In this week's Playlist we present a selection of videos essays by contemporary artists.
Julian Rowe, The Ice at Europe's Heart, 2013-2014
The installation The Ice at Europe’s Heart examines the improbable links between three works of high Romanticism: Caspar David Friedrich’s lost painting High Mountains (destroyed 1945), Mary Shelley’s novel Frankenstein, and FW Murnau’s vampire film Nosferatu.
The installation comprises three triptych assemblages, four display cases and a sequence of nine videos
Check out Julian's profile on Axisweb >
Katya Robin, SYMBOLIC ACTS, 2014
The Symbolic Acts project is a critique and commentary on book-alteration practices. I sought contributions from artists and then burnt them and used the ash to make paint. There is an original paint sample (a miniature grey monochrome painting) tipped into the book.
The actions and results of the destructive remaking are captured in a reflective photo-essay and memoir narrative.
The artist book stemming from my Symbolic Acts project was included in Engagement and Entrapment (curated by Diana Ali) in Tel Aviv.
Check out Katya's profile on Axisweb >
Alfredo Cramerotti, On Failure, 2006
Video, sound essay, 15 min, on the downsides, prestiges and spaces of failure, via the figure of Orson Welles, who is paradigmatic for his relationship with failure. Among our contemporaries, failure has no space, no room for development –in other words – it should not exist.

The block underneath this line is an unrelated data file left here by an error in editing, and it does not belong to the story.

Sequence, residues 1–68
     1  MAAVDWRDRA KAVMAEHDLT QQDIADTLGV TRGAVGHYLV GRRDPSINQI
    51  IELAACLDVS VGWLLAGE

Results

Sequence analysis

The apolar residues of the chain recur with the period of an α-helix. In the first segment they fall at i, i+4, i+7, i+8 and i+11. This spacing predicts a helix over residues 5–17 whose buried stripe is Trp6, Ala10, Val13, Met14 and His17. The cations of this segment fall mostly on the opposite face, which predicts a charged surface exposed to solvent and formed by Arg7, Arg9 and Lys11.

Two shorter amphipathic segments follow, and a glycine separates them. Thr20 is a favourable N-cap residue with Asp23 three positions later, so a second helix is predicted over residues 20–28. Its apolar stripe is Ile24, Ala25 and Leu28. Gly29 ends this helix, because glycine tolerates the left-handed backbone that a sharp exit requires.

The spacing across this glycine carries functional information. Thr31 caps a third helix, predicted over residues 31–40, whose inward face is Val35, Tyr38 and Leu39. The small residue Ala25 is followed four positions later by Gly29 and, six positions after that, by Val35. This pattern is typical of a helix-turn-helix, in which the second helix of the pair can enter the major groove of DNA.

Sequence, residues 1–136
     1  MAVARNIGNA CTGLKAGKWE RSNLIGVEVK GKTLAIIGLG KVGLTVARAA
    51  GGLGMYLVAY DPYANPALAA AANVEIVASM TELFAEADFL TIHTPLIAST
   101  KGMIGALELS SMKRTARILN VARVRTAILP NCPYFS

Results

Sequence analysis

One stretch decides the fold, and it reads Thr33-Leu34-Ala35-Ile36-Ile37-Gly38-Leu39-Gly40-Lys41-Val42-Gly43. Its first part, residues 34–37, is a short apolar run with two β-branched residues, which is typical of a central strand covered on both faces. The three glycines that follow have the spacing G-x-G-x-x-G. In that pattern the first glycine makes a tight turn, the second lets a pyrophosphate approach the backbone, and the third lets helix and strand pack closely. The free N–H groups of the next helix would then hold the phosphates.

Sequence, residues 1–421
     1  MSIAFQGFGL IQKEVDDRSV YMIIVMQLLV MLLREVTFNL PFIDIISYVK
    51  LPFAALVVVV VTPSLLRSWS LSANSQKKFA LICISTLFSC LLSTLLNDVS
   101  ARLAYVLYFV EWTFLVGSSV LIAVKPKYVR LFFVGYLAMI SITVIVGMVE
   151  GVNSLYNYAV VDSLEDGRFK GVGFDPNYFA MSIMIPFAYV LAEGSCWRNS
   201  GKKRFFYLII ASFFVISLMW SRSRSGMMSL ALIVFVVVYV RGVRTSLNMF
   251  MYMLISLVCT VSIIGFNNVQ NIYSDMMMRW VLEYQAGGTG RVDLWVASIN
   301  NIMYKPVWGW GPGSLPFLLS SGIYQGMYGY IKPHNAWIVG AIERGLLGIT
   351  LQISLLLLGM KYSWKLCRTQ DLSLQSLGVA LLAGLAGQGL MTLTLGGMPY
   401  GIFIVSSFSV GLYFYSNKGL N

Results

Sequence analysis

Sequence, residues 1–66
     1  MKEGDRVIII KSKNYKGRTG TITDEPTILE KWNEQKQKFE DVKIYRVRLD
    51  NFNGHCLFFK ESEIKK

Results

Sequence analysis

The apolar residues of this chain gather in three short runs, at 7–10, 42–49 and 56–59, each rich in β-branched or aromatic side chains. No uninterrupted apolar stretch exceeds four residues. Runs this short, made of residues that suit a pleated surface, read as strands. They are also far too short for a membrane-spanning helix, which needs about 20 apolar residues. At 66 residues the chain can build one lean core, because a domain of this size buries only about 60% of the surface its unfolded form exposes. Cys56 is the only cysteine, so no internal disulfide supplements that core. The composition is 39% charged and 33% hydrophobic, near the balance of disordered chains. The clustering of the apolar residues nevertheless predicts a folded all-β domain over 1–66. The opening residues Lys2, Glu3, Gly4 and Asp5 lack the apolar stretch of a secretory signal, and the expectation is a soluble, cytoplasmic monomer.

But failure is a precious space where we can stretch our boundaries and experiment with another dimension of living. At this point, most of you will feel the urge to ask why should we fail. It’s not that we should fail in order to live better. Rather I believe we should allow ourselves the space, the mental dimension, of failure.
Welles is considered not for what he manage to realize in relation to his non-materialized ideas, rather for the way he – through the notion of failure – involuntarily played a game according to his rules.
Check out Alfredo's profile on Axisweb >
Gregory Hayman, Foucault's Double, 2016
This film explores notions of family and legacy in Diego Velázquez’s painting Las Meninas. The painting is a curious mixture of shifting reference points where the subject and viewer swap places infinitely as they observe the painter watching them, watching the princess and her courtiers, while her parents form a ghostlike image caught in a mirror behind them, perhaps observing all. For me this picture points to the replacement of parents by their offspring and foretells our/their mortality.
The work utilises the essay by Michel Foucault as the basis for a script. This piece of writing has been interwoven with the last interview Foucault gave before his death. My work with film plays with the idea of the lecture and the documentary as artworks. By fusing them together in what I call the docu-lecture I try to tease out meaning in a mixture of text and image more commonly associated with television documentary. (I explore this also in my artwork film – The Lecture as Palimpsest - vimeo.com/138198229 )
Check out Gregory's profile on Axisweb >